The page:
Aural tributes to Sir George Martin, Keith Emerson on Boris Rock Show

The March 16 edition of The Boris Rock Show will feature tributes to Sir George Martin and keyboardist Keith Emerson. The program airs 9 a.m.-noon.

Creative Minds: John Lennon (left) and George Martin at the mixing desk.

Creative Minds: John Lennon (left) and George Martin at the mixing desk.

Martin, who passed away at the age of 90 on March 8, was known as the “Fifth Beatle.” He produced all of the Fab Four’s albums, with the only exception being Let It Be which was produced by Phil Spector.

A classically trained musician, Martin was adept on piano and oboe, he gained extensive studio experience before beginning to work with The Beatles in 1963. He produced a number of big bands, singers and comedians with work running the gamut from classical to novelty records. Some of the artists during this period of time he produced included Peter Ustinov, Anthony Hopkins, Peter Sellers, Spike Milligan and Dudley Moore among others.

In The Studio: John Lennon (left) and Paul McCartney (right) along with George Harrison during recording sessions for what would become Sgt. Pepper's Lonely Hearts Club Band. (Frank Hermann photo)

In The Studio: John Lennon (left) and Paul McCartney (right) along with George Harrison during recording sessions for what would become Sgt. Pepper’s Lonely Hearts Club Band. (Frank Hermann photo)

He worked with other pop artists, including Billy J. Kramer & The Dakotas, Gerry and the Pacemakers, Cilla Black, jazz singer Ella Fitzgerald, saxophonist Stan Getz and Welsh singer Shirley Bassey who’s best-known works were the theme songs, produced by Martin, for a handful of James Bond films. Post-Beatles work included producing Jeff Beck, America, Jimmy Webb, Neil Sedaka, Cheap Trick, UFO, Little River Band and Celine Dion.

Martin would ultimately produce  23 No. 1 hits on the Billboard Hot 100 chart in the U.S. and 30 in the U.K.

Father Figure: George Martin (foreground) with George Harrison, Paul McCartney, John Lennon and Ringo Starr.

Father Figure: George Martin (foreground) with George Harrison, Paul McCartney, John Lennon and Ringo Starr.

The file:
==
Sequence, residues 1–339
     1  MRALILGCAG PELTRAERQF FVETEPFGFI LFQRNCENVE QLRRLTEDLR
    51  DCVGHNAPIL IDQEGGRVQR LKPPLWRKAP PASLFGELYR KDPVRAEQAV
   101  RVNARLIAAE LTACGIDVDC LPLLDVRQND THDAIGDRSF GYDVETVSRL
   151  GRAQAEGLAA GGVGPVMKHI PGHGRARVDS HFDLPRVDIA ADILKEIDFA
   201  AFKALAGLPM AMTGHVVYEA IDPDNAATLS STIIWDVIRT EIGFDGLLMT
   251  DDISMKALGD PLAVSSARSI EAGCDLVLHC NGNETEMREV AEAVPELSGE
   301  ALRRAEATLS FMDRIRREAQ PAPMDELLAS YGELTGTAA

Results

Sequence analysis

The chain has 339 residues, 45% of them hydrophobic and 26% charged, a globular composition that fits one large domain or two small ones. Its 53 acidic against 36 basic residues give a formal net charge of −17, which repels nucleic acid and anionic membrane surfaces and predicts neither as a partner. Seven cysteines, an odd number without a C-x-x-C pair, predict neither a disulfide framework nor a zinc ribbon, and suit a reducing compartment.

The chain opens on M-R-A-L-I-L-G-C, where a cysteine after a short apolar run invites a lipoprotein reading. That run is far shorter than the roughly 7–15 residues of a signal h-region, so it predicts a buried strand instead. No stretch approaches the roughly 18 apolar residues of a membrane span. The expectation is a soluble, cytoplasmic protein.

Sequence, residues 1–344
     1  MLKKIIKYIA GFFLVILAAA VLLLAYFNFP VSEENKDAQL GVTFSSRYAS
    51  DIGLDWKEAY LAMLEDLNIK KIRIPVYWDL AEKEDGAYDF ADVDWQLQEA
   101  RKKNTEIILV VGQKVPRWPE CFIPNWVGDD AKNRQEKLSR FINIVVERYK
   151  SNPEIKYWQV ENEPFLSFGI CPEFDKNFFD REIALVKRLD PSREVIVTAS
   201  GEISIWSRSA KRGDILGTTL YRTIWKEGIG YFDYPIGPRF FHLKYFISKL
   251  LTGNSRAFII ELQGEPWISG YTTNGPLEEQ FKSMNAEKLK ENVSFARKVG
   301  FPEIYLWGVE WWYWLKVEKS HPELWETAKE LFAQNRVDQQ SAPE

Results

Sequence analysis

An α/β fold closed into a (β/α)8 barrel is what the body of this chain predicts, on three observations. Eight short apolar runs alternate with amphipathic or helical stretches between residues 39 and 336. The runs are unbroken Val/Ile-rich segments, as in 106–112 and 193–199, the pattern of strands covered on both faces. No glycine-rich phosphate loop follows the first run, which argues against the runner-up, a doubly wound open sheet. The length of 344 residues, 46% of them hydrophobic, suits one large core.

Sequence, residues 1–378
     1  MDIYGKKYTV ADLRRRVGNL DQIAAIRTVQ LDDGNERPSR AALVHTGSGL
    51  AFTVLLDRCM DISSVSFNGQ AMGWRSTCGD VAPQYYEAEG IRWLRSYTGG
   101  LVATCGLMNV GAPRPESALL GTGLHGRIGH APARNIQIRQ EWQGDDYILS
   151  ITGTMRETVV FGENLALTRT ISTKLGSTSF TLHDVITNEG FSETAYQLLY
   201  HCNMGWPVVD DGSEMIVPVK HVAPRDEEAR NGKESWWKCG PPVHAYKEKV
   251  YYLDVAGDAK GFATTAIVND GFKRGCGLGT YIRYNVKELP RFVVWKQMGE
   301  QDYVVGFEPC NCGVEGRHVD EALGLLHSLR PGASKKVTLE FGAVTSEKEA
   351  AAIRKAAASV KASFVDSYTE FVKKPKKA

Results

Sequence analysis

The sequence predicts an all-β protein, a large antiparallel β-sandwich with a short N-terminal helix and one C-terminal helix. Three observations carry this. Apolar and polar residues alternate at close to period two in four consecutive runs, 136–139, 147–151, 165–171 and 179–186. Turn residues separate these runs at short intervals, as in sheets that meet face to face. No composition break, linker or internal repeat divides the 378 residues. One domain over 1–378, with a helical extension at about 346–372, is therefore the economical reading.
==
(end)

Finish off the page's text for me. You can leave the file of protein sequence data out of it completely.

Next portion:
The final hour of The Boris Rock Show will include work by Emerson who died at the age of 71 on March 10.

Blending jazz and rock, Emerson’s groundbreaking keyboard work, especially on the Moog synthesizer, was a focal point of the progressive rock trio Emerson, Lake & Palmer. Along with such contemporaries as Rod Argent (Zombies) Rick Wright (Pink Floyd), Jon Lord (Deep Purple), Rick Wakeman (Yes), Tony Banks (Genesis), David Sinclair (Caravan) , Matthew Fisher (Procol Harum), Tony Kaye (Yes), Mike Pinder (Moody Blues) and Mike Ratledge (Soft Machine), Emerson’s work helped bring attention to the important role of the keyboard in rock bands.

The Jimi Hendrix of keyboards: Keith Emerson in action with a Moog synthesizer.

The Jimi Hendrix of keyboards: Keith Emerson in action with a Moog synthesizer.

Emerson’s initial success in music came with The Nice which first gained notice as a backing band for American soul singer P.P. Arnold before they signed their own recording contract. Emerson was with The Nice from their founding in 1967 until they disbanded in 1970. In 1967, they were part of a tour which included Jimi Hendrix and Pink Floyd and one of their roadies at the time was Ian “Lemmy” Kilmister who would later join Hawkwind before forming Motorhead. It was during the later part of his time with The Nice that Emerson first played a Moog.

An oft-overlooked and under-the-radar release that Emerson took part in was Music from Free Creek. Recorded during the summer of 1969 in New York City, Emerson collaborated with the likes of Mitch Mitchell, Chuck Rainey, Buzz Feiten, Moogy Klingman and Carol Hunter to record a trio of tracks: a version of Eddie Harris’ “Freedom Jazz Dance,” Floyd Cramer’s “On The Rebound” and the Lennon-McCartney chestnut “Mother Nature’s Son.” A number of other “big name” players were on the album, including Jeff Beck who went by the name “A.N. Other,” Eric Clapton who

Under the radar: Keith Emerson played on three tracks in 1969 for what would be Music From Free Creek. The series of jam sessions would be released as a double album by Charisma Records in 1973.

Under the radar: Keith Emerson played on three tracks in 1969 for what would be Music From Free Creek. The series of jam sessions would be released as a double album by Charisma Records in 1973.

went by “King Cool,” Todd Rundgren, Dr. John, Linda Ronstadt, Delaney Bramlett, Chris Wood, Bernie Leadon, Joe Farrell, and Canned Heat’s Harvey Mandel, Larry Taylor and Fito de la Parra.

Emerson’s work with guitarist/bassist/vocalist Greg Lake and drummer Carl Palmer gained him the greatest renown. EL&P was together 1970-79 and albums such as their self-titled debut in 1970 and follow-up Tarkus (1971) each went to the Top 5 in the U.K. Their live Pictures at an Exhibition (1971) followed by Brain Salad Surgery and the live triple-LP Welcome Back My Friends To The Show That Never Ends…Ladies and Gentlemen Emerson, Lake & Palmer (1974) proved to mark the end of their chart success period.

A number of EL&P tracks became FM radio staples, including “Lucky Man,” “Knife Edge,” “Nutrocker” “From The Beginning,” “Fanfare For The Common Man,” “The Sheriff” “Still…You Turn Me On,” “Karn Evil 9” and “Hoedown.”

The band reunited in 1991-98 and then again in 2010 for a brief tour.

In The Works: Keith Emerson practices at a snow-covered Olympic Stadium in Montreal. (Michael Putland photo)

In The Works: Keith Emerson practices at a snow-covered Olympic Stadium in Montreal. (Michael Putland photo)

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